Word on the street is that my recent blog post about why I moved home was offensive to a lot of people in my previous home, which surprises and saddens me because I didn’t say anything incriminating about Georgia. Anyone who has followed my blog for the past year knows that I have said a lot more positive things about Georgia than negative. So, I’m feeling a little stressed and sad these days… again. What better way is there to relieve stress than baking cookies? And eating them all?! (OK, there’s meditation, yoga, running, etc., but that’s just not going to cut it today).
Before I begin my cookie-baking frenzy, I’d like to share with you an interesting Georgian dish a friend made for me. I may have already mentioned the wonderful and ubiquitous Georgian cheese bread, khachapuri. I don’t think I ever went more than a few days without eating khachapuri in Georgia. It’s everywhere. They use a “Khachapuri Index” as a measure of inflation, for crying out loud.
Khachapuri comes in many regional varieties. Most often, it’s a round pie of spongy bread filled with salty cheese. The most common ones I saw were Imeretian and Mingrelian, which look a bit like pizzas without the tomato sauce. My personal favorite was Adjarian, which is shaped like a boat and filled with thick slabs of butter and an entire egg (or two) floating in a sea of bubbling cheese. Peep this:
You can even get khachapuri-on-a-stick!
When the lovely and gracious Irina offered to show me how to make achma, or Abkhazian khachapuri, a few days before I left Georgia, I was surprised to discover yet another variety and eager to stuff my face with it. Apparently there is no limitation to what humans can do with cheese, bread, butter, and time.
Abkhazian khachapuri (which may sound familiar if you remember anything about the war with Russia in 2008, which left Georgia lacking two chunks of property along the Russian border: Abkhazia and South Ossetia) looks like sauceless lasagna. It tastes like buttery macaroni and cheese stacked in crunchy, gooey layers. I doubt I could ever recreate this masterpiece, but for my brave and curious readers, I’ll show the process step-by-step.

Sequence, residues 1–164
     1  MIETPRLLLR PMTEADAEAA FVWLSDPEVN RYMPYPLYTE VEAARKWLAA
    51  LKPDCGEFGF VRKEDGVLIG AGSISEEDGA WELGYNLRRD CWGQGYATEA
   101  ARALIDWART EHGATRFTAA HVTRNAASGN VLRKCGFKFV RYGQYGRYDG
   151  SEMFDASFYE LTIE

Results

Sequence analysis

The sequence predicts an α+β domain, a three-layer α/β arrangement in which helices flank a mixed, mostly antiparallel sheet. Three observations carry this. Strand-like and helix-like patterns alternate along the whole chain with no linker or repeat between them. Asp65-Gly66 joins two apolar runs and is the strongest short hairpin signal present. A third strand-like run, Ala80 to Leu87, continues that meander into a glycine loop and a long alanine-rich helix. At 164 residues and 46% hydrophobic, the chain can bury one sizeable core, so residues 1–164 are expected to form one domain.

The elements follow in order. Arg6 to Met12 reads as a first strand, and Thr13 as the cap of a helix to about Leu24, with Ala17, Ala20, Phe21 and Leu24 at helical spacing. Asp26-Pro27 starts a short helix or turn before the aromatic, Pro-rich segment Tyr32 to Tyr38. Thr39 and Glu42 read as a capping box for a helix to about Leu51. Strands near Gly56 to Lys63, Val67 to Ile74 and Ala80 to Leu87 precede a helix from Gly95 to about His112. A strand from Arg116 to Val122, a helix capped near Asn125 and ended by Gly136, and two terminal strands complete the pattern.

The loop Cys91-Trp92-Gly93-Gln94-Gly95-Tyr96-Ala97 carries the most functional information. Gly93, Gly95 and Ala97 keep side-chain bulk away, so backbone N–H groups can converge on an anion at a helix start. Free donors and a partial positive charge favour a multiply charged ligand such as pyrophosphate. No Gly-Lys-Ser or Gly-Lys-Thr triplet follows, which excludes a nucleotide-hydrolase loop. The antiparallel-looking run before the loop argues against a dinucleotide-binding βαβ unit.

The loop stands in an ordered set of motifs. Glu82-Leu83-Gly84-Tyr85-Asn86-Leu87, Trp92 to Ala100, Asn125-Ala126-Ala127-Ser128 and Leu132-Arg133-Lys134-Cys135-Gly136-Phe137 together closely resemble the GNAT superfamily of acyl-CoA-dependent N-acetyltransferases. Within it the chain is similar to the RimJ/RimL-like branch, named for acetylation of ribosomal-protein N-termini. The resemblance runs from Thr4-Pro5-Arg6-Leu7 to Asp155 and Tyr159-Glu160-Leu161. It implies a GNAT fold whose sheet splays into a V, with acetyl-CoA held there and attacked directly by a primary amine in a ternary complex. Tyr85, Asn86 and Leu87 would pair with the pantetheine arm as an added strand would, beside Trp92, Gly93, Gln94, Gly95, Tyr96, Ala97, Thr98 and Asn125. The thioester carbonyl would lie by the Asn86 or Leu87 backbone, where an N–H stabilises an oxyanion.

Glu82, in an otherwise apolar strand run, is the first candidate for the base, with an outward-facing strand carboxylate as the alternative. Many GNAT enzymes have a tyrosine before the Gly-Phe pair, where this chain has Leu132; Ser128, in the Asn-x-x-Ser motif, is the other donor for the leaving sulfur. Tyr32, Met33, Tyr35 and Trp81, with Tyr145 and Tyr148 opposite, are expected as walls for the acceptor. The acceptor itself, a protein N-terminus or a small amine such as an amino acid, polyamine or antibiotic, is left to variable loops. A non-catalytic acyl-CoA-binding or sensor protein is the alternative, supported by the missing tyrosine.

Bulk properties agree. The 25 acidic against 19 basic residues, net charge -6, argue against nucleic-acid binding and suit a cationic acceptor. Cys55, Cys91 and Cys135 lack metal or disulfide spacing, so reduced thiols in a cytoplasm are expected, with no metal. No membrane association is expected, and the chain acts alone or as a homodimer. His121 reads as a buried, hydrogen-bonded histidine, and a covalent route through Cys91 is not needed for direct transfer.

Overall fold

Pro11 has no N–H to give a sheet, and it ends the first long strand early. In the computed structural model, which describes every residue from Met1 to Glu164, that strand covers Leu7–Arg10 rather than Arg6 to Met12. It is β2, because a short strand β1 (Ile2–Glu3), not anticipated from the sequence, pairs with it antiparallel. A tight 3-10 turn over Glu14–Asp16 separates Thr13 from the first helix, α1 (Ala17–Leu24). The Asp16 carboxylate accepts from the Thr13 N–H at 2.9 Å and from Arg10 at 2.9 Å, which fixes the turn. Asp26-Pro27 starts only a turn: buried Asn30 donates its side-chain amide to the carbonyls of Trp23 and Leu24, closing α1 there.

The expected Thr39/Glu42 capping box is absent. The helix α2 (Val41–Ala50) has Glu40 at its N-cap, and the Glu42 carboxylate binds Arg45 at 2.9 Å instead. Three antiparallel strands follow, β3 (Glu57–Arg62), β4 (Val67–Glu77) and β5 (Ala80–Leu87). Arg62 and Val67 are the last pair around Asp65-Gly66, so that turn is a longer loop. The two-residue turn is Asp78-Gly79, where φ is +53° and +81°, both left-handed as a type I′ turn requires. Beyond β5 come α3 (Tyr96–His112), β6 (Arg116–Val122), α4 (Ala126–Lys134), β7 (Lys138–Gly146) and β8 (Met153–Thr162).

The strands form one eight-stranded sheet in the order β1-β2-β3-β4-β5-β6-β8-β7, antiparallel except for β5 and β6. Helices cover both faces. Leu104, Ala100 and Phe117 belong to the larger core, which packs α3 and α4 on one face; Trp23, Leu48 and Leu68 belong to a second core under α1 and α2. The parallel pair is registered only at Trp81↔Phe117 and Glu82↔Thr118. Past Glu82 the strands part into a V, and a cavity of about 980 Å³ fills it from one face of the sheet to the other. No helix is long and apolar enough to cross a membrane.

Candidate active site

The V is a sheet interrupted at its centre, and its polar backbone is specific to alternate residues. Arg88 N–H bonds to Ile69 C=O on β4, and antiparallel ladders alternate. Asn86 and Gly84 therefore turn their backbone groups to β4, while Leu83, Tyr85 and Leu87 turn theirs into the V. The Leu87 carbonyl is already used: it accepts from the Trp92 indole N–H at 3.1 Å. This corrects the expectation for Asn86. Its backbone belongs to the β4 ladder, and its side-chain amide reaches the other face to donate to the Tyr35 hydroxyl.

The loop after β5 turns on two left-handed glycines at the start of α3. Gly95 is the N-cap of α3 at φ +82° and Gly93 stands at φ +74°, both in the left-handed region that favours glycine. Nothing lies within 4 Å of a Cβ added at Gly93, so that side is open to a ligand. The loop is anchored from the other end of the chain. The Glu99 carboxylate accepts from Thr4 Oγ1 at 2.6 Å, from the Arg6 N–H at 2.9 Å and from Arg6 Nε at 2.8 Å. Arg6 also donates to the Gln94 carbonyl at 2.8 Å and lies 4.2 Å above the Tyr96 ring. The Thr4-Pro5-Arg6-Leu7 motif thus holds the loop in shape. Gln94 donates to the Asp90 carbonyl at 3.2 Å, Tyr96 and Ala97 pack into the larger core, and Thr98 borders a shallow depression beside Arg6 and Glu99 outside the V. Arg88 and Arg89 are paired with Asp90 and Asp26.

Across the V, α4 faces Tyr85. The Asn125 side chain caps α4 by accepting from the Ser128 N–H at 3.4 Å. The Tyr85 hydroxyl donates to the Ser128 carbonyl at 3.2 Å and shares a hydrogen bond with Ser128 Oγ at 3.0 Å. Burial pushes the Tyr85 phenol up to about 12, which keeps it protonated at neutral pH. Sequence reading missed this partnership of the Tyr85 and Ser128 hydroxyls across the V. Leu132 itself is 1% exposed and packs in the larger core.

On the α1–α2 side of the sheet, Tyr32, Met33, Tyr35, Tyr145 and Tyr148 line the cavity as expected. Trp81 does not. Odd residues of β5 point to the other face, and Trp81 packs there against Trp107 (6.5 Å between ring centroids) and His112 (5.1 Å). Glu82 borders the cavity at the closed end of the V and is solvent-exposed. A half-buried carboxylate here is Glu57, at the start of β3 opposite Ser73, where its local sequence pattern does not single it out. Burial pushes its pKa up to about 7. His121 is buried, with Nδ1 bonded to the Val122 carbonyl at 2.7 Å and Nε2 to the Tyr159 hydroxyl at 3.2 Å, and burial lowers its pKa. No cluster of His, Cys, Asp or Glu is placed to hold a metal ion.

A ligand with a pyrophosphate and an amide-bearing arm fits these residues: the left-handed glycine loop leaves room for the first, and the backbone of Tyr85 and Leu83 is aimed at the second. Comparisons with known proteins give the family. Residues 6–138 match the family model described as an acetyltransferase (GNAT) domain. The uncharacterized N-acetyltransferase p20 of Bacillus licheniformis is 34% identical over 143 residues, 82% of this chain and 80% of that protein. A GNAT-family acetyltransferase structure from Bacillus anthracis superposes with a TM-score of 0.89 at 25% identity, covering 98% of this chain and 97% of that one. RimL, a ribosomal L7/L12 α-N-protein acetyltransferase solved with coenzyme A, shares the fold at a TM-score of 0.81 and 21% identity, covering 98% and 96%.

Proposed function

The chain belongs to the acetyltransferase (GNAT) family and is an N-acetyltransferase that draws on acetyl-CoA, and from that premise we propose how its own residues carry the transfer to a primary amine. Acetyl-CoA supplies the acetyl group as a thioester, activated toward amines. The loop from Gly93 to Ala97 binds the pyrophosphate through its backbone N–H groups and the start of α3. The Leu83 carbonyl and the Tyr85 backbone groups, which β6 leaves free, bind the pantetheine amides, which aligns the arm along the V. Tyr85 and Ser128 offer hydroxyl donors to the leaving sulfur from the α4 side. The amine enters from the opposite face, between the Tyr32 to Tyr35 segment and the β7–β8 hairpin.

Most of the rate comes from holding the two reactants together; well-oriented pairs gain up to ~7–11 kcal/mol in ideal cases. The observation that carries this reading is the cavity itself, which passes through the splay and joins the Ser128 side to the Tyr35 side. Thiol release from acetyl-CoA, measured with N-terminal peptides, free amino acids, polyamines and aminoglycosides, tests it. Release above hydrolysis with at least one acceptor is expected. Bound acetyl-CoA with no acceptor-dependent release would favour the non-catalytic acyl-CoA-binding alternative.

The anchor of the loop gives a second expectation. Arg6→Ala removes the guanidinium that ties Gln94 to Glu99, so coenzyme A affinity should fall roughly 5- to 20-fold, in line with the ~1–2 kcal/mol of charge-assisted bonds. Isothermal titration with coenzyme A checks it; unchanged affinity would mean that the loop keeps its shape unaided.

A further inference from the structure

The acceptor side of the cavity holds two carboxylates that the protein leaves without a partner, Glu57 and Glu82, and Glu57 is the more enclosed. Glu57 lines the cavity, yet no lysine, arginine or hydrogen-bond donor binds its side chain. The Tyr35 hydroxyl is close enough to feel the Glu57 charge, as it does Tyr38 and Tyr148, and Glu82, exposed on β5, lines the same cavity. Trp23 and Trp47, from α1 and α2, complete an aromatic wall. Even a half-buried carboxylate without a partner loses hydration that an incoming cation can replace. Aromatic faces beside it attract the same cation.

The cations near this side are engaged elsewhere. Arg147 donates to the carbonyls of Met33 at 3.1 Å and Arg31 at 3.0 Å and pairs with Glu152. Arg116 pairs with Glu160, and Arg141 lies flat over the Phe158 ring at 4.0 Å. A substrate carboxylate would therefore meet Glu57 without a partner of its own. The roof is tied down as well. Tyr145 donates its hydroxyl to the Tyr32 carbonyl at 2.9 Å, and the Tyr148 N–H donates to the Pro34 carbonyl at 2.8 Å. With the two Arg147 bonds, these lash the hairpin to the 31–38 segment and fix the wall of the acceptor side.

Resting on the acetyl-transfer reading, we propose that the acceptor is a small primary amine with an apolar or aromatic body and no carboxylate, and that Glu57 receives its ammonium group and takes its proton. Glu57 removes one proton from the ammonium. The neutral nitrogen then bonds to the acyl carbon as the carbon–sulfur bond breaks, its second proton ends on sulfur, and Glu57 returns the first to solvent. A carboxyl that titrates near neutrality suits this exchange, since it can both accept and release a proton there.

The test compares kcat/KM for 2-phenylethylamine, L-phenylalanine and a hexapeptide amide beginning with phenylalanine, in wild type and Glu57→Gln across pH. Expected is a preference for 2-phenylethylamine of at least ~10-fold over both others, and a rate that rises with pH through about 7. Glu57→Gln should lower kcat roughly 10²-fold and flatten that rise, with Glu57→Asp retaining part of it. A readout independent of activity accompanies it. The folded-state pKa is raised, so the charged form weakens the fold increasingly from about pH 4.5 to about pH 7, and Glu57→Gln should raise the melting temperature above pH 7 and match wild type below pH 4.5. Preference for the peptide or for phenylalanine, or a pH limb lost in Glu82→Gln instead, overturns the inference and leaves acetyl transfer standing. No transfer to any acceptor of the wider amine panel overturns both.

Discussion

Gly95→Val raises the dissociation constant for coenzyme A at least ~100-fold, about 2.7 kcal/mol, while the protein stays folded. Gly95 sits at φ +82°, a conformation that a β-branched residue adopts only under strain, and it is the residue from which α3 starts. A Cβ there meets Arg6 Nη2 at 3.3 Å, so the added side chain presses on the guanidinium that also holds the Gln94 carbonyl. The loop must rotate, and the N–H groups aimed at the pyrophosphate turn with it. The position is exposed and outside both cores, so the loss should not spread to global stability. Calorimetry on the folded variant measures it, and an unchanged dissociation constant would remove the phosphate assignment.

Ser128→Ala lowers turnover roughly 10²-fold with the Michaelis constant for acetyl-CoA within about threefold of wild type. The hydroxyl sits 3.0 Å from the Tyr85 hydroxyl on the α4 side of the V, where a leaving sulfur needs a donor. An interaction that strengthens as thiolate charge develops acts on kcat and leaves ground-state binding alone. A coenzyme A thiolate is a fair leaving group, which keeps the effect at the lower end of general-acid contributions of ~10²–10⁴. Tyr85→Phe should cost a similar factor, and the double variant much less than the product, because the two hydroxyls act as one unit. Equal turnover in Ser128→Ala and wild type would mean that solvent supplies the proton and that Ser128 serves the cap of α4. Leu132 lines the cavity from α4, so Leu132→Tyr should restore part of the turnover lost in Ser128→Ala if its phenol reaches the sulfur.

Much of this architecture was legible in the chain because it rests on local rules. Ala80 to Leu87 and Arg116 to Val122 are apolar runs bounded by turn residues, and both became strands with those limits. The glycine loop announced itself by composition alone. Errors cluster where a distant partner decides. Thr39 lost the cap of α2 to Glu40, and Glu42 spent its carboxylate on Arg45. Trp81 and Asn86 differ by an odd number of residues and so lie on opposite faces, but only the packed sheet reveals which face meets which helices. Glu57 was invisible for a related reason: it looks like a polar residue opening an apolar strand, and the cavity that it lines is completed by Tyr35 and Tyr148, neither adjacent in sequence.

Sorry in advance for missing details! I’m working on getting more exact measurements from Irina, which I will add later.
- More butter than you would ever anticipate
- Cheese (If you’re not able to find Georgian cheeses, so you can technically replace with mozzarella or muenster. However, I think that lacks some of the salty tang of Georgian cheese, so I’d mix in some feta.)
- Some more butter
Step 1: Distract the sous chef.
2. Make some dough:
Combine flour, eggs, … and probably some other stuff. Don’t remember.
3. The dough will be split into 6 even parts. Roll one of the sections into a thin layer, one eighth or one quarter of an inch.
4. Ok this next part is a lot harder to explain in words than I expected, so bear with me. Two of these sections of dough are going to serve as the first and last layer of the khachapuri, and will not be boiled. But the remaining four will be boiled individually, which will give them a pasta-like consistency.
So, press the first layer of dough (un-boiled) into a lasagna pan. On top of this, brush a healthy coat of melted butter, followed by a layer of shredded cheese (whichever cheese mixture you choose).
5. Roll out another very thin layer of dough. Gently drop this layer of dough into a large bowl or pot of boiling water, and let it boil for two minutes.
Then, carefully transfer the boiled sheet of dough to a bowl of ice cold water.
Carefully lay this sheet of dough on a towel and pat dry. Then, lay it onto the khachapuri, and follow with another coat of melted butter and shredded cheese.
6. Repeat with the next three sections of dough. Finally, top it with the final un-boiled layer of dough, and brush with melted butter.
7. Then, pre-cut the khachapuri into squares, because those bad boys are about to get nice and crispy on top.
8. Bake for like… thirty minutes? I don’t know. TBD.
9. Serve hot and eat your way to heart disease!
Again, my apologies for the missing details. Once I gather them from my Georgian pals, I’ll fill them in here!
You can visit my friend Emma’s blog, Cookies and the Caucasus, for her own rendition of “Simplified Southwest Khachapuri”, and lots of great information about expat life in Georgia.